August 20, 2021 3 translation missing: en.blogs.article.read_time

The incidence of autoimmune disorders, such as multiple sclerosis (MS), rheumatoid arthritis (RA), inflammatory bowel disease (IBD), ​​systemic lupus erythematosus (SLE), type 1 diabetes mellitus, and others are increasing globally. But just what is an autoimmune disorder and what part do environmental factors play in their development? Let’s get a closer look.

In people who have an autoimmune disorder, their immune system becomes overactive and produces antibodies that instead of fighting bacterial or viral invaders, actually attack the body’s own tissues. These autoimmune diseases are serious and cause much suffering and disability for those who are afflicted with them.

While the factors that trigger an autoimmune disorder in a particular person may be unknown, scientific evidence is increasingly pointing toward environmental factors as being a major player in the development of autoimmune disorders. Although there is recognition that genetics may play a part, it’s now understood that genetics only count for a small portion of autoimmune disorders. However, underlying genetic susceptibility, together with the right environmental trigger, can be enough to bring on the onset of an autoimmune disorder.

So, what do we mean by “environmental” triggers? These environmental triggers include infection, climate, occupation, cigarette smoking, and stress. But one of the most interesting environmental triggers that is getting a lot of attention is diet. Most people don’t think of diet as an environmental factor, but your diet directly exposes every cell in your body, through your gastrointestinal tract and subsequent absorption into your bloodstream, to all the nutrients and chemicals that you ingest.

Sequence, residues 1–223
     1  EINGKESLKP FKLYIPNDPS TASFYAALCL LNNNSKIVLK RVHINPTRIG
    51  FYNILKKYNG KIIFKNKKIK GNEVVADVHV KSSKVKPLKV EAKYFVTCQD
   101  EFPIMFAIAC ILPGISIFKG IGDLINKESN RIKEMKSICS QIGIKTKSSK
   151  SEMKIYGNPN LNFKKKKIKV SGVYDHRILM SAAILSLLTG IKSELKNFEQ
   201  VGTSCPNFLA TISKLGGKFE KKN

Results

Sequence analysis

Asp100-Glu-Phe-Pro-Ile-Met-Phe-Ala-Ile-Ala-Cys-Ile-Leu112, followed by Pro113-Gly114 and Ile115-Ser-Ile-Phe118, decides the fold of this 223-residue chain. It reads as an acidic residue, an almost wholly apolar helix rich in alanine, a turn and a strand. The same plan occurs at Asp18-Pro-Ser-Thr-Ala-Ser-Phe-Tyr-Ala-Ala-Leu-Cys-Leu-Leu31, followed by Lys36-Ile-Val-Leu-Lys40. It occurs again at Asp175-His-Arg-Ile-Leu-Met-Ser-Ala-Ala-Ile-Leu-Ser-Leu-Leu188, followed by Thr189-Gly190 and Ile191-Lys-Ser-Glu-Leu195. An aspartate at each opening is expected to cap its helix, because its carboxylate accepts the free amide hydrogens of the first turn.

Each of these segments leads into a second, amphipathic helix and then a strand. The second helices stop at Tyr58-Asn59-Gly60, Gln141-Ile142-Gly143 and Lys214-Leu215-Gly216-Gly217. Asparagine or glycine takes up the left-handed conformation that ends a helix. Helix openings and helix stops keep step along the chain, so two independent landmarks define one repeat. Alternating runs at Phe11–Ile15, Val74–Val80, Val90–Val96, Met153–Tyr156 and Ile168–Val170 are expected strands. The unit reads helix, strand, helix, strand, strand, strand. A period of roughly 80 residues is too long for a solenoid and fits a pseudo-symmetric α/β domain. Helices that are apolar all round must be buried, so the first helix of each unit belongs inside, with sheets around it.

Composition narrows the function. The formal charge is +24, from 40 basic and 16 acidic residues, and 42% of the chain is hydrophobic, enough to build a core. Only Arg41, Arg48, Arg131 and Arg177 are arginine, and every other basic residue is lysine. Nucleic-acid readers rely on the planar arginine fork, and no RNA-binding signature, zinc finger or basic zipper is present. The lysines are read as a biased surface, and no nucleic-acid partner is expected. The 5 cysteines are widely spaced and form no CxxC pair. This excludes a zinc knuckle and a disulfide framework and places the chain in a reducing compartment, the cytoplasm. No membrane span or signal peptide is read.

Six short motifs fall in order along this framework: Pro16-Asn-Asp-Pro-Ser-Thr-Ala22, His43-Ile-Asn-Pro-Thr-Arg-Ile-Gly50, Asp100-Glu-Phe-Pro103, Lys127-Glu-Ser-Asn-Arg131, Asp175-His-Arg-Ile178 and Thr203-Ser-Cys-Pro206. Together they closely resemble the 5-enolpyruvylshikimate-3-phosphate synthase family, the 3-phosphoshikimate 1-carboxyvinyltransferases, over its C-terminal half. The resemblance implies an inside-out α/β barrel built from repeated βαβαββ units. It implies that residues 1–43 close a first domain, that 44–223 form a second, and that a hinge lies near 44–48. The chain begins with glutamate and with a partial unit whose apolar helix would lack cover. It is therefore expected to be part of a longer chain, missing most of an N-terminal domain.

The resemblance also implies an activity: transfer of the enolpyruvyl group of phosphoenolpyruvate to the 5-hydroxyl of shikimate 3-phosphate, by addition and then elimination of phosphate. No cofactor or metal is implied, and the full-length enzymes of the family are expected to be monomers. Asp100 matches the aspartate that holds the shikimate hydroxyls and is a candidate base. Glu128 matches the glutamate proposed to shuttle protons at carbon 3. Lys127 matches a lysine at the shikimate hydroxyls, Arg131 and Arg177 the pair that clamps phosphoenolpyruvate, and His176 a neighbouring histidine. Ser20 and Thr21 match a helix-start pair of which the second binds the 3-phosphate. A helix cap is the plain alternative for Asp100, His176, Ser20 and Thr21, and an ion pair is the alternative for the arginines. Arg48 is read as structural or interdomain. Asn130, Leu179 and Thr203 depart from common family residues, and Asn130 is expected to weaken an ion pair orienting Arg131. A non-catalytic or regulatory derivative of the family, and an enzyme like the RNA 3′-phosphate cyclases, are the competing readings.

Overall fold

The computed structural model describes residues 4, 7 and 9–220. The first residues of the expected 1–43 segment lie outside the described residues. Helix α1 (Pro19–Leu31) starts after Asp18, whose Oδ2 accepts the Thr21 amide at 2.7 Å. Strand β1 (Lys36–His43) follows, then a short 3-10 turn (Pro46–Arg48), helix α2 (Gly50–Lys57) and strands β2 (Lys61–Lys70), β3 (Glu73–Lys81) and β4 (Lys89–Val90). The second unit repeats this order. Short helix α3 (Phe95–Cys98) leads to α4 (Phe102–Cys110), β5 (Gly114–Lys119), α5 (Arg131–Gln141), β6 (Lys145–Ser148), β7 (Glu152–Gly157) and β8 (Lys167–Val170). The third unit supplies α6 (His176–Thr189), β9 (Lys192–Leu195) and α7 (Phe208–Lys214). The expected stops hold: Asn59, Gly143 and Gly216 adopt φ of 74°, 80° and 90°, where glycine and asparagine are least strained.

Among the reasons that scientists are looking at diet as a trigger for autoimmune diseases is that the nearly global adoption of “Westernized” food, with its high levels of fat, salt, sugar, and protein intake, has already been associated with the development of diseases such as cardiovascular conditions and cancer. More recently, the connection between diet and the makeup of the gut microbiota (bacterial colonies) and its connection to the immune system has been recognized.

One of the more interesting environmental findings in the development of autoimmune disorders has to do with MS, which is estimated to affect some 2.5 million people, with women being twice as likely as men to be affected. Multiple sclerosis is what is known as a progressive “demyelinating disease” of the central nervous system (brain and spinal cord) and is characterized by lesions that are most likely caused by an autoimmune response to self-produced antigens.

Your nerves and spinal cord are protected by a layer of insulating material known as myelin, similar in function to the insulation on an electric wire. If this myelin later is disrupted, as it is in MS, electrical transmissions cannot happen as normal and symptoms can include vision loss, fatigue, weakness, muscle paralysis, and an inability to coordinate movements. MS has long been associated with living at higher latitudes as well as living in well-developed countries.

Several theories have been proposed to explain this, but one of the most compelling is that people who live at higher latitudes, such as Northern Europe, have less exposure to sunlight. Also, people who live in more well-developed, industrialized countries, tend to spend less time outdoors. Sunlight, as you may recall, is necessary for the synthesis of Vitamin D in human skin. Studies have shown that MS patients, as well as patients with some other autoimmune diseases, do indeed have low levels of Vitamin D in their bloodstreams.

Besides sun exposure, the addition of fatty fish to the diet, such as salmon and sardines, is a great source of natural Vitamin D. The incidence of MS has been found to be lower in coastal areas, which one would expect if the Vitamin D hypothesis is correct. Interestingly, the addition of fish oils as a dietary supplement apparently does not have an effect on the development or course of MS.

So, the takeaway here is that to reduce your chances of developing an autoimmune disorder, eat a nutrient-dense diet, rich in oily fish, and get outside under the sun for recreation, exercise, and fun!

 



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